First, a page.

Shchipkov has written a series of analytical articles exploring the liberal-capitalist origins of modern neo-fascism. Shipkov outlined his ideas in the book "Traditionalism, Liberalism and Neo-Nazism in the Current Political Space" (2015)  translated into English. This book was widely seen as a warning about the dangers associated not only with the resuscitation of fascism in world politics, but also of fascization of the Russian elite and the Russian "creative class."
In addition to church-state relations and social and political trends, Shchipkov writes about the role of culture in social processes. In particular, he debates that the Bronze Age of Russian poetry will determine the future of Russian culture. Shchipkov also touches on the concept of aksiomodern - a state of a society combining a sense of "modern", "new time" (i.e. in the vein of Art Nouveau), universalism, united views of the world, and traditional moral values. This phenomenon is discussed in the book The Bronze Age in Russia. Outlook from Tarusa.
Aleksandr Shchipkov is a member of the Union of Writers of Russia; member of the Inter-Council Presence of the Russian Orthodox Church; member of the Bureau of the Presidium of the World Russian People's Council; member of Russian Public Television (OTP).
He was awarded the Order of the Russian Orthodox Church of Daniil of Moscow, Third Degree (2007); Sergius of Radonezh, Third Degree (2013); Medal "In Memory of the 1000 anniversary of the passing away of Prince Vladimir Equal to the Apostles" (2015).
Laureate of the Russian Union of Journalists' "Golden Pen" (nominated for "Best Radio Program"); 1997.
Winner of the literary prize - Moscow magazine (nominated for "Publicism"); 2013.
Honorary Citizen of Tarusa. The title was awarded by the Tarusa City Duma on 21 May 2015 "for special contributions to Tarusa and invaluable contribution to the creation of the historical image of the city" (installation of monuments to Professor Ivan Tsvetaev, General Mikhail Efremov, poet Nikolay Zabolotsky).
Shchipkov lives in Tarusa, Russia. He is married and has four sons and grandsons.
Books and articles
Author of the following books:
Shchipkov А. V. What Russia believes. Religious Processes in Post-Perestroika Russia. — St.P.:Russian Christian Humanitarian Academy, 1998. — The ISBN printed in the publication (5-888-031-6) is invalid.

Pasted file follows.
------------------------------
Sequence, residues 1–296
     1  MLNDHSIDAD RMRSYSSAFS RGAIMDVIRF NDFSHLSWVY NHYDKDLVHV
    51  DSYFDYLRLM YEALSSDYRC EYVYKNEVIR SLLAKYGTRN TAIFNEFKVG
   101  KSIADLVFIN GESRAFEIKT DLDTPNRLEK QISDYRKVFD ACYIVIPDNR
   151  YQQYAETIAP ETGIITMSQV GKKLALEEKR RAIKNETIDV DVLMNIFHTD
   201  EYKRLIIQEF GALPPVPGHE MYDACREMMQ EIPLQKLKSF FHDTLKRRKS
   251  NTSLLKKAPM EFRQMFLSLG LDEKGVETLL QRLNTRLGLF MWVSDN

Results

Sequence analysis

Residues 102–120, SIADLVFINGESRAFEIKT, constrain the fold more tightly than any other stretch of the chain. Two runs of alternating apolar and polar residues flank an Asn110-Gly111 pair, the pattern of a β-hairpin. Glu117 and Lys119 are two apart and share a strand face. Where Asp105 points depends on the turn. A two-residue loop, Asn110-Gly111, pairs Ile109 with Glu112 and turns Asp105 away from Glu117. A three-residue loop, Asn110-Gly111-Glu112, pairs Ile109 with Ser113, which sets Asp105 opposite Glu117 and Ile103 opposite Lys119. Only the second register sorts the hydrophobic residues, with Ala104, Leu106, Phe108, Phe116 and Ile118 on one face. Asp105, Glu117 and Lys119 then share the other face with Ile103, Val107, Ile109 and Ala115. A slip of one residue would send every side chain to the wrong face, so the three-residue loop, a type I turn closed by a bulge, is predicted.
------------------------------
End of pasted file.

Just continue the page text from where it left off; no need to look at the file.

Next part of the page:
Shchipkov А. V.Christian Democracy in Russia. — М.: Kluch — С, 2004. — The ISBN printed in the publication (5-93136-029-3) is invalid.
Shchipkov А. V. (editor and compiler). Fracture. Collection of Articles on the Justice of Traditions. — М.: Probel-2000, 2013. — ISBN 978-5-98604-382-1.
Shchipkov А. V. Traditionalism, Liberalism and Neo-Nazism in the Current Political Space. — St.P.: Aleteya, 2015. — ISBN 978-5-9905927-1-1.
Shchipkov А. V. National History as a Social Contract, from Economic Hegemonism to Consensus of Tradition. – St.P.: Aleteya, 2015. — ISBN 978-5-906792-00-6.
Shchipkov A.V. A View of the Future and the Social Tradition. — Telospress.com : Telos Press Publishing. 2017.
- How to Destroy the Church. Instructions // The Religare.Ru
- Church Faces the Threat of Secular Reformation // The Religare.Ru
- The Varieties of Russian Conservatism // The American Conservative
- The Territory of the Church (2012) // The Religare.Ru
- Perelom // Fracture. Shchipkov.net
- http://www.patriarchia.ru/db/text/141422 // Official site of Russian Orthodox Church
- National History as a Social Contract from Economic Hegemony to the Consensus Tradition // The Religare.Ru
- Traditionalism, Liberalism and Neo-Nazism in the Current Political Space // Shchipkov.net